It was only five years ago comedian/writer Jordan Peele burst onto the big screen with his hit Oscar-winning horror, Get Out. Peele paired with up-and-coming star Daniel Kaluuya to excite audiences with proper scares and biting social commentary on a budget of merely 4.5 million dollars. Two years later, Us (2019) dipped deeper into the scares and thematic critiques, matching exactly the 255M gross of Peele’s debut, though dividing audiences a tad more. Now Peele reunites with Kaluuya, backed by his his biggest budget yet to the tune of 68M, and bringing a rapidly-growing fanbase into new territory with a sunny sci-fi/horror foray.
Making a name for himself through two wildly popular sketch comedy shows, it’s no question whether Peele has comedic chops. What seemed to grab movie-goers was his sorely needed perspective and surprising penchant for intelligent horror. Peele has quickly carved himself a niche in modern horror, as the laughs are every bit as exciting as the jumps. Often times, you’re not sure which one will come next. Nope might be his funniest script yet, bolstered by hilarious turns from both Keke Palmer and Brandon Perea. Kaluuya’s OJ Haywood, great-great-great descendent of the first man to ever be captured on film, plays a stoic Hollywood rancher. And while throughout much of the movie he’s nearly monosyllabic, some of his moments had the packed audience laughing harder than any other.
Where the question lied was whether the enigmatic lead-up to the release would live up to the hype. What exactly is the mystery and where might commentary be found within? Acts one and two show exactly why there is so much excitement surrounding Nope. The core characters and eerie conundrum are crafted with tantalizing patience. Never in the 130-minute runtime does it feel slow or meandering. It’s only a matter of “where is this heading?” Early in the set-up OJ experiences a (gut-wrenching) tragedy, and he hasn’t felt right since. The fatal accident that befell his farm has left him questioning what exactly happened on that day. When his sister Em visits to assist in the family business in the remote hills, OJ becomes more confident in his suspicions as they experience power outages and their horses begin to act up. There’s something out there in the clouds, and whatever it is, it ain’t of this planet. Inspired with newfound confidence and purpose -amidst the ever-present fear of what lurks above, that is – the Haywood siblings and their local techie Angel set out to capture footage of the elusive anomaly.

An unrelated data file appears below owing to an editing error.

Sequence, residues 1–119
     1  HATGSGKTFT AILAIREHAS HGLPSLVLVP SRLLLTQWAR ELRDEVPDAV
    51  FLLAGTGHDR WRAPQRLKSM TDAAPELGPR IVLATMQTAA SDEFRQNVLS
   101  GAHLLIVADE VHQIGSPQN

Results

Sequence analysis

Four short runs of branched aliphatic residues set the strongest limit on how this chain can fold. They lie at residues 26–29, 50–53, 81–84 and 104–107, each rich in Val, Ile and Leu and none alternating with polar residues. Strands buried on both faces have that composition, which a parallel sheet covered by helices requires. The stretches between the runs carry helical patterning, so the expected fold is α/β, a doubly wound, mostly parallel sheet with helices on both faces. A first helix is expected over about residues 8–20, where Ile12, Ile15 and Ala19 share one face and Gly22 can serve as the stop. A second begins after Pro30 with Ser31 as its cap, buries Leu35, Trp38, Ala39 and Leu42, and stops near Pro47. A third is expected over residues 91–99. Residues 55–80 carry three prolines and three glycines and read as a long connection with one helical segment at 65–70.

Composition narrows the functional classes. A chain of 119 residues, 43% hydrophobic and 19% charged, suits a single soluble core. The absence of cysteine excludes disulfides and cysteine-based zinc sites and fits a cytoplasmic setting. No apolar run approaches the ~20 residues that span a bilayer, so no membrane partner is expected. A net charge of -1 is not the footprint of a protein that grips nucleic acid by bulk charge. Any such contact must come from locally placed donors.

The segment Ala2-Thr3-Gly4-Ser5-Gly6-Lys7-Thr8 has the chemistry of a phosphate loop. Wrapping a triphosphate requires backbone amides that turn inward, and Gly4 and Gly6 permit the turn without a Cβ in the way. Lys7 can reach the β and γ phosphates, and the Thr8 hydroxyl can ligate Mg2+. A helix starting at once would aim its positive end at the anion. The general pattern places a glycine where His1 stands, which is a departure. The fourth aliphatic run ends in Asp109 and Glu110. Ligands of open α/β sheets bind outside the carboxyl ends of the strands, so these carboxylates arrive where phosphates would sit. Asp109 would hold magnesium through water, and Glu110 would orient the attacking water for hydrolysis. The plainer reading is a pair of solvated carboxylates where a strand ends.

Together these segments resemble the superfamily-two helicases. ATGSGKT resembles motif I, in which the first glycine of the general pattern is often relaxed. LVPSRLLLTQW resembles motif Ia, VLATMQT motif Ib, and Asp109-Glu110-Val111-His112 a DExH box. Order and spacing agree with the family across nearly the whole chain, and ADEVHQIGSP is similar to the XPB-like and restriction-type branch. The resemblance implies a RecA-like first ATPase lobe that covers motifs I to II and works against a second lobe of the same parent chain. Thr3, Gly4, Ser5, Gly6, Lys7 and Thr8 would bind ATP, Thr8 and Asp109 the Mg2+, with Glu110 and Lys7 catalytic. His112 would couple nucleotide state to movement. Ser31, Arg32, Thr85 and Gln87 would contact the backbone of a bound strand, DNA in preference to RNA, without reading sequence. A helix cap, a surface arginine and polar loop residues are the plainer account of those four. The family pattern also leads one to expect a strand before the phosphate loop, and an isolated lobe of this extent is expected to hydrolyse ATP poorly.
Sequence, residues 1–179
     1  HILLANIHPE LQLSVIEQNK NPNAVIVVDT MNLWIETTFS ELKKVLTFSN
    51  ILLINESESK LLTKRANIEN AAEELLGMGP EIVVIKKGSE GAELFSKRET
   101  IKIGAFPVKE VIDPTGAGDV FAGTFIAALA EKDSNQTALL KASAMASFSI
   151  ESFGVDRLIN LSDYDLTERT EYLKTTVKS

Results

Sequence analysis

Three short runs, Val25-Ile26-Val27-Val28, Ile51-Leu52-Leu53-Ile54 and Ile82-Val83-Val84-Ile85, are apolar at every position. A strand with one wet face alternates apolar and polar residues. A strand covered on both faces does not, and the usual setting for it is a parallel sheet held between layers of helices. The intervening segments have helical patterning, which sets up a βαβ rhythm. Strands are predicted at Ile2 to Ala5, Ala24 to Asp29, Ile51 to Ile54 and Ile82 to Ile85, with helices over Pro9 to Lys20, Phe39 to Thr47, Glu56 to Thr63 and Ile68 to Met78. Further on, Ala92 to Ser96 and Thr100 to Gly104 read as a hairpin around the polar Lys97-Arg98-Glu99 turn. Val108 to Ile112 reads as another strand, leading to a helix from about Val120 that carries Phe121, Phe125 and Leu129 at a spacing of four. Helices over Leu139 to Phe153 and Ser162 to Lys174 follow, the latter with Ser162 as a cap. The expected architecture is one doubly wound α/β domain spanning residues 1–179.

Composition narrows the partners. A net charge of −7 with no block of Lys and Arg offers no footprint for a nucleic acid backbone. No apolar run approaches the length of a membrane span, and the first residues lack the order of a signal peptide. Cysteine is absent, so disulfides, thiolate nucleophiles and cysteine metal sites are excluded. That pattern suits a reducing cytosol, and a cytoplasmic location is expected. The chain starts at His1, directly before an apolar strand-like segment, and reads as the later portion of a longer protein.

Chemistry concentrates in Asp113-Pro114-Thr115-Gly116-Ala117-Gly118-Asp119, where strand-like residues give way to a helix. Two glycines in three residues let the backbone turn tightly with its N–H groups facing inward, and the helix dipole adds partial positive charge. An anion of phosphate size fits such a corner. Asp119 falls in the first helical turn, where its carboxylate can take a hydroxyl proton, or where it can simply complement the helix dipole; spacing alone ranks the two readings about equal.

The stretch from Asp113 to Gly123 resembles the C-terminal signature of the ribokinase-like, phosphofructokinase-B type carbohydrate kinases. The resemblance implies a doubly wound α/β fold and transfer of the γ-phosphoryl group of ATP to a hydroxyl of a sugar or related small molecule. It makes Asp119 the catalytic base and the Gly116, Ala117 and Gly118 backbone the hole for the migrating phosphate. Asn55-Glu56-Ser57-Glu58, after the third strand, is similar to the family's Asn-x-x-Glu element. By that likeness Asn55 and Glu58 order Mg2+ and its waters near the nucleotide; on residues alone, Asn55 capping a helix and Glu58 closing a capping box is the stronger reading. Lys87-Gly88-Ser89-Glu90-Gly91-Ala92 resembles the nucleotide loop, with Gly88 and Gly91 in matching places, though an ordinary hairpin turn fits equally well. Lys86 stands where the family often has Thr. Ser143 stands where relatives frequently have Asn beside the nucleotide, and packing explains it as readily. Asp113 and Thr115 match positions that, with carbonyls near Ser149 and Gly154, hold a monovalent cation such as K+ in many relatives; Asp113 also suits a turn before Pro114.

At many points Nope feels like an amalgam of horror classics such as Close Encounters of the Third Kind, Signs, and Tremors, combining the joy and the tension of all three for an enervating venture into the unknown. The various scares leading up to the finale are well-crafted and, even better, exquisitely shot. The fluid movement of the camera in the night scenes especially gift a natural immersion, showing brief but clear snippets of the danger floating about while compounding them with a sense of disorientation. Hoyt Van Hoytema’s stellar cinematography is easily the biggest strength next to the laughs. But by the time the climax arrives, the breathtaking shots aren’t quite enough to distract one from wondering what exactly the character’s motives are at this point. It becomes a little unclear after a while what the impromptu team are hoping to achieve. It may require more time and subsequent viewings to digest what Peele wants us to feel during the resolution. It’s for this reason that while I have no problem saying Peele is 3/3, Nope is still a minor step down from Peele’s first two projects. With a few major tweaks to the script in the third act to more clearly illustrate character motivations, Nope might have matched the greatness of Get Out for its sheer creativity and beauty alone.
On a more positive note, Steven Yeun shows once again why he should be a prime target when looking to add charm and gravitas. Aside from the main siblings, Yeun’s character Ricky has one of the more intriguing horror side plots in recent years. One that will have fans chatting and theorizing over for years. Yeun rounds out a once-again superb cast in a Peele movie. The score, while not groundbreaking, is another worthy mention, most notably apparent during the fantastical, bright culmination. I look forward to seeing it again to pry further into Peele’s symbology and intentions, including his numerous nods to the less heralded crewmembers on film projects. There is plenty for everyone to chew on, and likely an abundance of different interpretations for everyone to walk away with as well. And knowing Peele, he won’t consider any of them wrong.
Nope comes in at 690/2630 (74%) on my Flickchart!